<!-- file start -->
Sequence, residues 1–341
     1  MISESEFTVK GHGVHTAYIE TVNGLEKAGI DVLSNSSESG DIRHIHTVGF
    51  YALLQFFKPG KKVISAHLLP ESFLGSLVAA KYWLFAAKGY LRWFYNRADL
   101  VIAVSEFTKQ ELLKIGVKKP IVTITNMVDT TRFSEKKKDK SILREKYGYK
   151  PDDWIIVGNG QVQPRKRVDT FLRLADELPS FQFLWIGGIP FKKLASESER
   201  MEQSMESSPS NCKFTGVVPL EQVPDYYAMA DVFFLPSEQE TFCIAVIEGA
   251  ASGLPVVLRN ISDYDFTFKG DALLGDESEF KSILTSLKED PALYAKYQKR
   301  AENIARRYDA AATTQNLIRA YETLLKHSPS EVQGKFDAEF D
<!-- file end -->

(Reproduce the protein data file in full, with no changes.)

Sequence, residues 1–341
     1  MISESEFTVK GHGVHTAYIE TVNGLEKAGI DVLSNSSESG DIRHIHTVGF
    51  YALLQFFKPG KKVISAHLLP ESFLGSLVAA KYWLFAAKGY LRWFYNRADL
   101  VIAVSEFTKQ ELLKIGVKKP IVTITNMVDT TRFSEKKKDK SILREKYGYK
   151  PDDWIIVGNG QVQPRKRVDT FLRLADELPS FQFLWIGGIP FKKLASESER
   201  MEQSMESSPS NCKFTGVVPL EQVPDYYAMA DVFFLPSEQE TFCIAVIEGA
   251  ASGLPVVLRN ISDYDFTFKG DALLGDESEF KSILTSLKED PALYAKYQKR
   301  AENIARRYDA AATTQNLIRA YETLLKHSPS EVQGKFDAEF D